No one knows the exact cause of spider and varicose veins, but there are several factors that cause a person to be more likely to develop them. Hereditary, or being born with weak vein valves, may play a role. Hormones also play a role. The hormonal changes that occur during puberty, pregnancy, and menopause, as well as taking estrogen, progesterone, and birth control pills can cause a woman to develop varicose veins or spider veins. During pregnancy, besides the increases in hormone levels, there also is a great increase in the volume of blood in the body that can cause veins to enlarge. The enlarged uterus also puts more pressure on the veins. (Within three months after delivery, varicose veins usually improve, However, more abnormal veins are likely to develop and remain after additional pregnancies.) Other factors that weaken vein valves and that may cause varicose or spider veins include aging, obesity, leg injury, and prolonged standing, such as for long hours on the job. Spider veins on the cheeks or nose of a fair-skinned person may occur from sun exposure.
  • Why treat varicose veins and spider veins?
    Some people desire treatment for cosmetic reasons only and others for the medical benefits it will provide to the legs. Typically, symptoms from varicose veins are heavy, achy, drawing pains, swelling, (edema), tenderness to touch and a tired feeling in the legs. Untreated, the varicose veins and spider veins may lead to other medical problems. As they enlarge they can cause worsening venous insufficiency which is a congestion of the venous blood that is unable to return from the legs to the heart. Venous insufficiency itself leads to other problems, such as,blood clots (thrombosis), vein inflamation (phlebitis), leg ulcers (breaks in the skin), bleeding, infection and stasis (skin) changes in the legs.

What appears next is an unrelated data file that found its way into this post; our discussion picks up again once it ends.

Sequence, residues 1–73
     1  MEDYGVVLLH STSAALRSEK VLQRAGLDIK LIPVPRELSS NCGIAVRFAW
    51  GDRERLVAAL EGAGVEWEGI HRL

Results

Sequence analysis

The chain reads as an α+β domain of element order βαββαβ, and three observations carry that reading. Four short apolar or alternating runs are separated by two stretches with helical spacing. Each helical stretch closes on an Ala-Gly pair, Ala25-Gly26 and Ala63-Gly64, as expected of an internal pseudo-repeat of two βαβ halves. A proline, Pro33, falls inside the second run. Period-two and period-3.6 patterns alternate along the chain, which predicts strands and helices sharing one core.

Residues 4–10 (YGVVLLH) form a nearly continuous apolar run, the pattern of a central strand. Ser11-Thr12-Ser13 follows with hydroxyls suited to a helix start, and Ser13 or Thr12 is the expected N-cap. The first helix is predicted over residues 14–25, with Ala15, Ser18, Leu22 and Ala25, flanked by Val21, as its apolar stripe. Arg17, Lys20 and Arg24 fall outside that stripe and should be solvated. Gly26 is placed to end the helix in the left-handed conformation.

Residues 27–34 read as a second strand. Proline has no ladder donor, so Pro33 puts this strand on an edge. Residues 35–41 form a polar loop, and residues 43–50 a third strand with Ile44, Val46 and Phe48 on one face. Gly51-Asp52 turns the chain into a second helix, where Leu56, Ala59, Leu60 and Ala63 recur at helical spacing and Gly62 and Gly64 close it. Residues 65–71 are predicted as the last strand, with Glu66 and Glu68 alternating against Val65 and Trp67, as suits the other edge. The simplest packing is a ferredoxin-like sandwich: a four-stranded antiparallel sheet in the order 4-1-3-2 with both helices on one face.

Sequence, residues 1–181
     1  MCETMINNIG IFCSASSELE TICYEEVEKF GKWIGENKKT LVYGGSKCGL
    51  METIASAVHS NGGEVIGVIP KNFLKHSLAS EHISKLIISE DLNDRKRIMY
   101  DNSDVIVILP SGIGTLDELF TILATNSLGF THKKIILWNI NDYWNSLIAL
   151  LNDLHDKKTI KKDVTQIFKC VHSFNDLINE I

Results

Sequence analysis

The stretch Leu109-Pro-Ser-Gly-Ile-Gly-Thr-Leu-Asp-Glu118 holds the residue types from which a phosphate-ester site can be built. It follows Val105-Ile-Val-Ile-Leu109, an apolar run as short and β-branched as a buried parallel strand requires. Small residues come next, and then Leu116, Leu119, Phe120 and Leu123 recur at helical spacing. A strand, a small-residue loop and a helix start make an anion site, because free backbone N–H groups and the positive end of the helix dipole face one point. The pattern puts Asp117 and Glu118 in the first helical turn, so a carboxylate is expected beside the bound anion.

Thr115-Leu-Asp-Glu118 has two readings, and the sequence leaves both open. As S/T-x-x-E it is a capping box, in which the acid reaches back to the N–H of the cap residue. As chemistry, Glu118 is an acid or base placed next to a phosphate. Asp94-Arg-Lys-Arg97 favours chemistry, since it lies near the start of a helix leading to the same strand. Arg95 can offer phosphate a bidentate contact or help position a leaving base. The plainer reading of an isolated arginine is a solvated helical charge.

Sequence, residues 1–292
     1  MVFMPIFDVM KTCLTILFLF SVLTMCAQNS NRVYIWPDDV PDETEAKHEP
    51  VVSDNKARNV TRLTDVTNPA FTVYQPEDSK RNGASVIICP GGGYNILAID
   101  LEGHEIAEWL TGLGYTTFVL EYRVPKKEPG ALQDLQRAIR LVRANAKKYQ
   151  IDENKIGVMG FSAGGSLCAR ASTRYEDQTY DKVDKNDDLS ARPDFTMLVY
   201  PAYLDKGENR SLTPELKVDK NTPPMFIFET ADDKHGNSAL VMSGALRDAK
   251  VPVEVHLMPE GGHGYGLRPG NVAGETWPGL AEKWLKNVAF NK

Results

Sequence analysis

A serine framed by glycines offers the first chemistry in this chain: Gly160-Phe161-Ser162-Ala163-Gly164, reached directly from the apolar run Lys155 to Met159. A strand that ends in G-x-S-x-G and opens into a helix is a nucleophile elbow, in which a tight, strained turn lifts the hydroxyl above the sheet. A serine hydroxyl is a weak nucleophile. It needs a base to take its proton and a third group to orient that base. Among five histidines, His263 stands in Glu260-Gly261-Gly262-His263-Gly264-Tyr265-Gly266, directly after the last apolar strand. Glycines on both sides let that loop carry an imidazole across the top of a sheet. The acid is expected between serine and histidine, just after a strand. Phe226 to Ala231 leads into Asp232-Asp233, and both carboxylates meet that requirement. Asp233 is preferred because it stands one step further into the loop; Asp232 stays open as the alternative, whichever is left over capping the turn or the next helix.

• How are varicose and spider veins treated?
    There are many types of treatments available to help patients with both varicose veins and spider veins from support stockings and laser therapy to sclerotherapy and micro-phlebectomy. Explore our vein care services to find the best option for you.